While more than one sports gear brand gets to use CURV, the luggage industry is an entirely different story.
Previously, hard-side suitcases with a CURV shell were only available from Samsonite, but now Hartmann’s Innovaire and 7R models also utilize the same material.
Keep in mind that Samsonite licensed CURV from PFS back in 2005. The luggage company then patented the process of incorporating the licensed material into the shells.
CURV vs Polycarbonate: Explanations in video
You won’t believe how much of a step up CURV is from polycarbonate until you see how they both perform in impact testing.
Discover the Samsonite CURV Collection: Lightweight, Durable, and Stylish Luggage for Your Next Adventure
As Samsonite is the primary luggage company that uses PFS’ patented material, you might be curious to know more about the Samsonite CURV Collection. Simply put, it’s a comprehensive range of hard-side suitcases that are made using this innovative material.
Here are some details about this collection:
C-Lite is a Samsonite collection consisting of two sizes: the 7.87-lb extra large spinner and the 4.52-lb international carry-on.
Both spinners have CURV shells that come in chili red, black, and off-white. However, the inner lining is made from the trademarked Recyclex (recycled PET plastic bottles) fabric, making it a great option for all eco-conscious travelers out there.
For the design, the C-Lite Samsonite features a double-pull handle and rounded corners.
Curv Cosmolite 3.0 Collection
In 2008, Samsonite released what it called “the company’s strongest and lightest suitcase” in the Cosmolite collection.
Fast forward to today, the Cosmolite 3.0 collection still has the same iconic silhouette but has been touched up to improve performance.
In the collection, you get to choose between the 3.7-lb carry-on, the 6.44-lb large plus spinner, and the 7.7-lb extra large spinner.
However, it’s worth noting that the handle here, unlike the C-Lite suitcase, is a retractable mono-tube.
Lite-Shock is yet another mono-tube suitcase by the CURV master, Samsonite.
The two aspects that set this model apart are its wavy design and high shock resistance, especially around the corners.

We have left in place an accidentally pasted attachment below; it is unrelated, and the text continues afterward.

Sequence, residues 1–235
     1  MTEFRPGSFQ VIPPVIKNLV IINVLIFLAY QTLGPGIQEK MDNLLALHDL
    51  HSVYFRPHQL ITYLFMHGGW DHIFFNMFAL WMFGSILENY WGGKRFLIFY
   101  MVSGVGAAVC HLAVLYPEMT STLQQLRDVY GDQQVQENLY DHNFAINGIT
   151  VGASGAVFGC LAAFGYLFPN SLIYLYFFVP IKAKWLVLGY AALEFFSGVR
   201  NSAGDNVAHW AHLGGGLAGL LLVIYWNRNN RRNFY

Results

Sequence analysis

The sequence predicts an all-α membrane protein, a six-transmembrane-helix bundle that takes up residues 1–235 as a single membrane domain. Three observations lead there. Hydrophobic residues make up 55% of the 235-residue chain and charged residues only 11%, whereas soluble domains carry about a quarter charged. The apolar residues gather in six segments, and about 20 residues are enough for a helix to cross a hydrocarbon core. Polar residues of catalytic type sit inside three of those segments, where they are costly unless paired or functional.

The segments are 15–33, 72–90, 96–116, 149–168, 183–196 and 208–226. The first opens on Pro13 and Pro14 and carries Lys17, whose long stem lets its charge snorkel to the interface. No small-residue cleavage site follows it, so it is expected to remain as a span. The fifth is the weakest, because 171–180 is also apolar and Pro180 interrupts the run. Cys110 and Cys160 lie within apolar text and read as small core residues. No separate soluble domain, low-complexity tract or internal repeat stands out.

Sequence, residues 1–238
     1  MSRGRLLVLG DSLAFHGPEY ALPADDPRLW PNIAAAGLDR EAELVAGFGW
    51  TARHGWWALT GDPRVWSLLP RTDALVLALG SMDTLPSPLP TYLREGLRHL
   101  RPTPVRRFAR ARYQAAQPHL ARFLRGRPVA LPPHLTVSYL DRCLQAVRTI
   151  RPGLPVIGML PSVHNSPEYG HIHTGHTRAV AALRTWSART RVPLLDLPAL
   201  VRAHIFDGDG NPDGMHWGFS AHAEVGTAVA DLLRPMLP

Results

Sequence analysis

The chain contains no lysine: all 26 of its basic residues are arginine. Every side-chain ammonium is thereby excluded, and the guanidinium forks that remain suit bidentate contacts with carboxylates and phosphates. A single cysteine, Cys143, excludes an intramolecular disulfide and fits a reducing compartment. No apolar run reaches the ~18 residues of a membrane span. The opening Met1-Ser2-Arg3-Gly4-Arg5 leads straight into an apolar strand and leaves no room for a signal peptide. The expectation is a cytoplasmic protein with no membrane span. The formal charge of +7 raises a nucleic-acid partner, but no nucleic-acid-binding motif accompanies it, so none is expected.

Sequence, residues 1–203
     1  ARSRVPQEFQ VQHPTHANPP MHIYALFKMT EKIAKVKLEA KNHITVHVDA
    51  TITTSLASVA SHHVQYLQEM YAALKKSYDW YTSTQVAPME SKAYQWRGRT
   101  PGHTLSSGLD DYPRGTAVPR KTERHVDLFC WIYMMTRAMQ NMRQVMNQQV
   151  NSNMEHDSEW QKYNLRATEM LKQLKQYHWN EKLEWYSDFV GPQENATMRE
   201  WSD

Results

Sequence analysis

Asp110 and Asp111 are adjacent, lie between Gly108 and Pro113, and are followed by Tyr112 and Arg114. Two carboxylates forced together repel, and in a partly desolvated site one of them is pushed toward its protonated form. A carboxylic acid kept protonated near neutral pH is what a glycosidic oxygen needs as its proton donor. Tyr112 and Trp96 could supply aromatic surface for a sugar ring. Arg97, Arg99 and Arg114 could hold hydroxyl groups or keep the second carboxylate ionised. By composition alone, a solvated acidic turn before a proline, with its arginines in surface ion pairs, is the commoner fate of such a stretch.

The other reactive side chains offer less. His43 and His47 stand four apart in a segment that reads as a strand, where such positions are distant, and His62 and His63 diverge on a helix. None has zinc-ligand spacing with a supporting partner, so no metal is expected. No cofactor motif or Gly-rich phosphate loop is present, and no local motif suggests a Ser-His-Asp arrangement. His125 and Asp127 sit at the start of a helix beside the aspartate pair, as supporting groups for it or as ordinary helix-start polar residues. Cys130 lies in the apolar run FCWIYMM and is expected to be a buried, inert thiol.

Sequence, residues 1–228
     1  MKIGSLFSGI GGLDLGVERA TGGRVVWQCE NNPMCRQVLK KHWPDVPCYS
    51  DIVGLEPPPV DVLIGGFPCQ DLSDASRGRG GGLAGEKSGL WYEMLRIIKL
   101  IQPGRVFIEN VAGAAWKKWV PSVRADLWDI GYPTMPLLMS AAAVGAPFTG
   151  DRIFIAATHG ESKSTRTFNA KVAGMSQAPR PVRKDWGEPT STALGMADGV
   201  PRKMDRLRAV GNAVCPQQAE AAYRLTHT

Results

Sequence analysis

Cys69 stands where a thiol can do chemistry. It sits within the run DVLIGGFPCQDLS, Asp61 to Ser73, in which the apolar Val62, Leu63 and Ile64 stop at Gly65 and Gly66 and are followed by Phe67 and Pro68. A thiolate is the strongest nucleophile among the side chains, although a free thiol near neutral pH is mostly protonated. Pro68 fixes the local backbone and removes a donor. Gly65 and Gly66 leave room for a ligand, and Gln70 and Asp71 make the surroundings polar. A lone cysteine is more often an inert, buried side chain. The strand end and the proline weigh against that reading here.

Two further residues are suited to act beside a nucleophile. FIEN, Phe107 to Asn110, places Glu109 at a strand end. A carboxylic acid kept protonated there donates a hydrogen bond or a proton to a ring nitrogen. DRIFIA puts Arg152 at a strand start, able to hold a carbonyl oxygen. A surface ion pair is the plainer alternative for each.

Besides, there are quite a few size options to choose from, including carry-on, medium, large, and extra large.
Going back to the double (but leather soft!) handles, we have the Lite-Cube DLX suitcase by Samsonite. To match the pleasant-to-touch handlebar, the DLX is equipped with a soft buckle for its main compartment.
Plus, even the design reflects a notion of luxury. I particularly love the hint of elegance in the toffee accents; they just break the monotonicity and make the suitcase stand out from the crowd!
You’ll get to enjoy these comfort features whether you pick the carry-on, large, or extra-large model.
If you’re not a fan of zippered suitcases for theft-related concerns, you’ll probably want to opt for a medium or large Lite-Locked spinner. Here, Samsonite ditched the traditional zipper and used a three-point locking system.
Of course, the lock is TSA-approved. That means you don’t have to worry about getting your suitcase rejected by airport agents during check-in.
Interestingly, Samsonite used both CURV and Roxkin for this suitcase model. Roxkin also happens to be the main shell material in the non-CURV hard-side collection Proxis.
Samsonite’s Firelite keeps things sporty and sleek, design-wise. For me, this aesthetic aspect is convenient since it complements CURV’s lightweight reputation nicely.
If you’re a light traveler, you can pick the smallest suitcase in the Firelite line: the domestic (20”) carry-on. However, it’s still possible to go with other spinner sizes, including the medium at 25”, the large at 28”, and the extra large at a spacious 30”.
In a nutshell, CURV is a durable, lightweight, and 100% recyclable material used to build hard-side suitcases.
Although Samsonite is not the owner of the original patent, it is currently the main luggage manufacturer that uses the innovative CURV technology in their hard-side suitcases. However, it’s worth noting that Hartmann also utilizes the same material in some of their suitcase models.
Personally, I think the woven polypropylene material is a game-changer. However, you still need to be careful while handling it to extend its lifespan.
So, that’s pretty much all there is to know about PFS’s CURV. Now, you’re ready to move on to the next topics:
- The Pros and Cons of Aluminum Luggage: Is it the Best Choice for Travel?
- Unbreakable Luggage: The Top 5 Most Durable Materials for Your Next Trip
One question before you bounce: what’s your favorite suitcase from Samsonite’s collection? Share your thoughts in a comment below!
- Samsonite: Official Website
- Hartmann: Official Shop
- Propex Furnishing Solutions
- Business Wire: Propex Furnishing Solutions Partners With 1947 LLC to Distribute Curv Tactical™ Composite Material
- Teijin: Ballistic materials handbook
- Dakine: Fusion Harness
- Bauer: Vapor 3X Pro Skate
As the founder of Container FAQs, my goal is to provide readers with in-depth information on the containers used in daily life and related subjects. Don't hesitate to reach out to me if you have any suggestions for articles you would like to see on my blog.